But first we should look more closely at the intellectual context that makes possible this sophisticated and nuanced engagement with the past. One figure in particular stands out, Lucio Costa (1902–1998), born in Toulon (France) and educated in Newcastle, Montreux and finally Rio de Janeiro, where he graduated as an architect in 1924 from the Escola de Belas Artes. Costa soon established a partnership with Warchavchik, and in 1930, only six years after graduating, became the director of the Escola de Belas Artes. His reign there was controversial, and he was forced to resign after only a year.

Charles Henry Driver, Luz railway station, São Paulo, 1897–1900.
Big Ben meets Portuguese Baroque.

The richness of early twentieth-century architecture in Brazil has been consistently devalued in favour of that of the colonial period. This is both a problem and a paradox. Many of the most admired structures of the colonial period were openly a means of maintaining a feudal slave society, yet their advocates were in most other respects politically progressive.

Francisco de Paula Ramos de Azevedo, Teatro Municipal, São Paulo, 1903–11.
A Second Empire public building in São Paulo, contemporary with similar exercises
in Rio and Manaus.

This unmistakable piece of Haussmannization was accompanied by some flamboyant public buildings built in Rio in the Second Empire style, including the Biblioteca Nacional (1910) and the Museo Nacional de Belas Artes (1908). However, the Teatro Municipal (Francisco de Oliveira Passos, 1909) stands out, an extraordinary confection of marble, onyx, bronze and mirrors, based on Charles Garnier’s Paris Opera, with all materials imported from Europe.

There is a history of pre-colonial indigenous building that is rarely part of any architectural discourse. And there were other European presences besides the Portuguese. In 1816 the Portuguese emperor Joao VI brought a number of significant French artists to Brazil, including the architect Grandjean de Montigny, who designed the first significant French-style building in Brazil, the Escola de Belas Artes in Rio de Janeiro – thus began a significant period of French influence.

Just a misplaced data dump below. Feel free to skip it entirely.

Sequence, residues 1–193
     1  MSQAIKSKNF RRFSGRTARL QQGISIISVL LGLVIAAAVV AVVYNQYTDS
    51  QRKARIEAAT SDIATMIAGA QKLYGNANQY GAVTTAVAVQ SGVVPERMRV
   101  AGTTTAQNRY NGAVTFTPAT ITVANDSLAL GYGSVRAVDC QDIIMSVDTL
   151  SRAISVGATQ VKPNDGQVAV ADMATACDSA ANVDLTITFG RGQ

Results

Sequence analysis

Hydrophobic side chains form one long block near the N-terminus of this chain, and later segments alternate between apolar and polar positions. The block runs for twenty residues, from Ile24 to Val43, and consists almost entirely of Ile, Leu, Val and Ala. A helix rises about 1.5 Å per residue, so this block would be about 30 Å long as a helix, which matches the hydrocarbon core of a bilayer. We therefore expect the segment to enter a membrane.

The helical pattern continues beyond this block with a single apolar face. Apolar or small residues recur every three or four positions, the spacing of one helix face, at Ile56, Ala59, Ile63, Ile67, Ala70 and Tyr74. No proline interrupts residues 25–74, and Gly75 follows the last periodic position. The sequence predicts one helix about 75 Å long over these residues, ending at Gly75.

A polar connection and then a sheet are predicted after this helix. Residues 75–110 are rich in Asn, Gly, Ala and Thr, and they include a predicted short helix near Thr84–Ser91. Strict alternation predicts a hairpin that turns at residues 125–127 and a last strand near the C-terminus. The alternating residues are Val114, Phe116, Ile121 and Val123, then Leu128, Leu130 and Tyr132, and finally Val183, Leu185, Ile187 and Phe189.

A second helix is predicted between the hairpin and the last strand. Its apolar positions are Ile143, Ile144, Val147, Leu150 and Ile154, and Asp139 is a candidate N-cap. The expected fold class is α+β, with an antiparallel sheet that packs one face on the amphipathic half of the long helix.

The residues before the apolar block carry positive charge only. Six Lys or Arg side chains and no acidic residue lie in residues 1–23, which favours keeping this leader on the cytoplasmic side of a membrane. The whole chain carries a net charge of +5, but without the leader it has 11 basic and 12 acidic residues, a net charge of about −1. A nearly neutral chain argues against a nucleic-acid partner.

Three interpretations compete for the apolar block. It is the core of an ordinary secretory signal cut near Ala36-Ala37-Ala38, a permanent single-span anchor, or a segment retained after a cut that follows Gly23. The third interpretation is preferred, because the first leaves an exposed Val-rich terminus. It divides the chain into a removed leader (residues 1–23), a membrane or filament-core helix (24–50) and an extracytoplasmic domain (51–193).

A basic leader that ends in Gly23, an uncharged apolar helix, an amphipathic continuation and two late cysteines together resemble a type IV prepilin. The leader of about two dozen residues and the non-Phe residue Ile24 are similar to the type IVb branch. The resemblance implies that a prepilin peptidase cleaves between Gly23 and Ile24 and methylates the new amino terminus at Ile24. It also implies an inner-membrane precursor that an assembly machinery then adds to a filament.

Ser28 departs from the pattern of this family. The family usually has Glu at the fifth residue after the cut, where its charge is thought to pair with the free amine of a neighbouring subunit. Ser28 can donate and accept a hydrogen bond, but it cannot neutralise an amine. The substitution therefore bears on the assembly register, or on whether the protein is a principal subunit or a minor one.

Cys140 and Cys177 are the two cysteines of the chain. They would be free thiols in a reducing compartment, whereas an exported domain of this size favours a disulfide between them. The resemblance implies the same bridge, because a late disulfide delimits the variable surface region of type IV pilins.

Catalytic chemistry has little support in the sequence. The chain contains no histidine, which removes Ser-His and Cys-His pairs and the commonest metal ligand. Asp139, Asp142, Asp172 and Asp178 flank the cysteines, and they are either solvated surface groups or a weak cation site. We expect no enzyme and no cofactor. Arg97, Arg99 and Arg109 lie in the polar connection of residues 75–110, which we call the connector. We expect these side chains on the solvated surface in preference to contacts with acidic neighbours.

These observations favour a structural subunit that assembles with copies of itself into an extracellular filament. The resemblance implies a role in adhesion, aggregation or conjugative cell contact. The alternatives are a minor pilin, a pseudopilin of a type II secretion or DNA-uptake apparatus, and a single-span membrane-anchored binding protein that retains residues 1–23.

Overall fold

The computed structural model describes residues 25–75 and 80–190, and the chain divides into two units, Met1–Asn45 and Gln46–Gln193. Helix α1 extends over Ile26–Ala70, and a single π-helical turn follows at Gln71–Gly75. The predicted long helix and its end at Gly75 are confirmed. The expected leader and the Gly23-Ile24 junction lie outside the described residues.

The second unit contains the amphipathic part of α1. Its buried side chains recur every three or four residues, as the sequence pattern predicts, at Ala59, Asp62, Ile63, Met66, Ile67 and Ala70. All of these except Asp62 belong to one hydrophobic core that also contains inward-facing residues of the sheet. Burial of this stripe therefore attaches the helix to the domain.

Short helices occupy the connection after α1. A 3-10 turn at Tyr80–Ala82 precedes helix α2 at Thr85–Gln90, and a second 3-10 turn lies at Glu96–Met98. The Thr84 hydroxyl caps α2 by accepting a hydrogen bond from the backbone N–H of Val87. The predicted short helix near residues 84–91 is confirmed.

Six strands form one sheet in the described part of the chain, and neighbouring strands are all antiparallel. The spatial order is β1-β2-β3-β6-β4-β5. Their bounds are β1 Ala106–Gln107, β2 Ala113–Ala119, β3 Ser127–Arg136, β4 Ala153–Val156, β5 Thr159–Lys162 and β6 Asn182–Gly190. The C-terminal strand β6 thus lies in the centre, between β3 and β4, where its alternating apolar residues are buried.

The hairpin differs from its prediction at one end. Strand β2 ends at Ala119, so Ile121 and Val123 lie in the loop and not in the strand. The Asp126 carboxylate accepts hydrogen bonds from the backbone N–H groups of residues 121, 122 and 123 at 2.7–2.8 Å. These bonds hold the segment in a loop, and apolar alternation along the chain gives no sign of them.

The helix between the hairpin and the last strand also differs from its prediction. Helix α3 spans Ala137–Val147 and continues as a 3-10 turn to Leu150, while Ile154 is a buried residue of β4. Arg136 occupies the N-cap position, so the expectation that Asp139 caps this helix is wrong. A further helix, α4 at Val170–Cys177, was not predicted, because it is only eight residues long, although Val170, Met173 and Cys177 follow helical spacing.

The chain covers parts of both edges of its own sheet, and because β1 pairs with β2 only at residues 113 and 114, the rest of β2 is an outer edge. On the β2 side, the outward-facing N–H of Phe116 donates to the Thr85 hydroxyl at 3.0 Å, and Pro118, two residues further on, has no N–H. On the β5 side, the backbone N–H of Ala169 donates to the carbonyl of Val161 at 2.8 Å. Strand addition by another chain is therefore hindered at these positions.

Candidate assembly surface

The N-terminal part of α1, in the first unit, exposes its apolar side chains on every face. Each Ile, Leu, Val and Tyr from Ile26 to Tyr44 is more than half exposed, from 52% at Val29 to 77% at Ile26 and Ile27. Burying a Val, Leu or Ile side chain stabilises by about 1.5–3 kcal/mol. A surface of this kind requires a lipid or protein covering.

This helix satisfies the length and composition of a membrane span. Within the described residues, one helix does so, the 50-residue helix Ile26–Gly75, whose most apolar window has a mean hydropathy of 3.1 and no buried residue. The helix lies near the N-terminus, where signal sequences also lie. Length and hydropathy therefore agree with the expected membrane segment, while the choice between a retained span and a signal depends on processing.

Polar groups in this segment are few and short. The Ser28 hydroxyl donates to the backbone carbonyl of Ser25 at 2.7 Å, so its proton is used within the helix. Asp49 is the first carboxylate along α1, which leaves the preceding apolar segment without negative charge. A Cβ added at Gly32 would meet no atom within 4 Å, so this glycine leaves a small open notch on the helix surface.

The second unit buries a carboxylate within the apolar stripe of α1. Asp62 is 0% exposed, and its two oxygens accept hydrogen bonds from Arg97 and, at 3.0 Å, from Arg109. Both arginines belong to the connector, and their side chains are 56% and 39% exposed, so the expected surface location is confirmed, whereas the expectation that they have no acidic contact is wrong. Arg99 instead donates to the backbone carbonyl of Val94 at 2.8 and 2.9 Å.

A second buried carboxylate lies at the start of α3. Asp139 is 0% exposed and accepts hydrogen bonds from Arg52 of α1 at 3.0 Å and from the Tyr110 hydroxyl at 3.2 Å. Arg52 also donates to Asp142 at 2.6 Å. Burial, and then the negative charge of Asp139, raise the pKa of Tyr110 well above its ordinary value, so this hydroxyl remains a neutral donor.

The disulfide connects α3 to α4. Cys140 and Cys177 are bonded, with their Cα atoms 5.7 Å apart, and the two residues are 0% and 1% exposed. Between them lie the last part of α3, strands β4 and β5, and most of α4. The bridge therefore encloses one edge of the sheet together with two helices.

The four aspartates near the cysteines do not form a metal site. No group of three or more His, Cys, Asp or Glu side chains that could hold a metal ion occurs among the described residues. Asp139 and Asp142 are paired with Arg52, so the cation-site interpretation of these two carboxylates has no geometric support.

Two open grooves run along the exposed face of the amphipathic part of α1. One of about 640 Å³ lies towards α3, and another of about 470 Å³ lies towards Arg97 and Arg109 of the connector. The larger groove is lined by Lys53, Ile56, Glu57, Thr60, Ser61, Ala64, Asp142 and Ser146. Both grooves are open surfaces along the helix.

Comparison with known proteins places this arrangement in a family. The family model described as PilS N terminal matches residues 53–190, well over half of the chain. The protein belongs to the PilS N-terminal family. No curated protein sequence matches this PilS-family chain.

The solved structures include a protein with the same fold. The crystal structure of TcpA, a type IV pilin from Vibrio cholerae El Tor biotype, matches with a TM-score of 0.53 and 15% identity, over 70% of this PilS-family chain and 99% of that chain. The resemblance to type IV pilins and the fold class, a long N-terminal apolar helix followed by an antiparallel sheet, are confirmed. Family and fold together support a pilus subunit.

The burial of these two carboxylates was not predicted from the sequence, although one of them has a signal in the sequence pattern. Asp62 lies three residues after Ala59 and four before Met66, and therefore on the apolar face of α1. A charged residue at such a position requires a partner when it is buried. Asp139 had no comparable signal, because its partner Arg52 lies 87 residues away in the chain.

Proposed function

However, as at the Architectural Review in England, SPHAN served up a highly idiosyncratic version of the past. SPHAN, much influenced by Costa, has always emphasized the architecture of the Portuguese colonial period, representing it as the one true historical architecture. Its principal sites of the Baroque, now protected under the aegis of IPHAN (Instituto do Patrimonio Historico e Artistico Nacional, the successor to SPHAN) or UNESCO, or both, include the colonial hutches of Rio de Janeiro; most of the former capital of Minas Gerais, Ouro Preto; the historic centre of Salvador da Bahia in the north-east; the eighteenth-century centre of Olinda in the state of Pernambuco; and the missionary towns of the far south-east of Brazil.

An early example of this tendency is the house that Gregori Warchav chik built for himself and his wife (1927–8, cited before). As much as this house broke with tradition, it also made explicit reference to the local context: its tiled roof, whitewashed facade and extensive veranda clearly refer to the vernacular architecture of the casa grande, of which more later. But Warchavchik is an isolated case. The crucial ideas in this context come from an institution, SPHAN (Sociedade do Patrimonio Historico e Artistico Nacional, or Society of National Historical and Artistic Heritage), created in 1937, and in which Lucio Costa was closely involved at the same time as designing the sensational MES. SPHAN was an organization that understood the codification and protection of the past as integral to the Modernist project.

As I described before, Brazil’s Modernism is polyvalent, plural and often frankly contradictory. Nowhere are these qualities more apparent than in the relationship of Modernism to the past. Brazil’s official view of itself is, to appropriate Stefan Zweig’s description, ‘the land of the future’. It has been the land of the future for the best part of a century, and this idea has become something like an article of faith.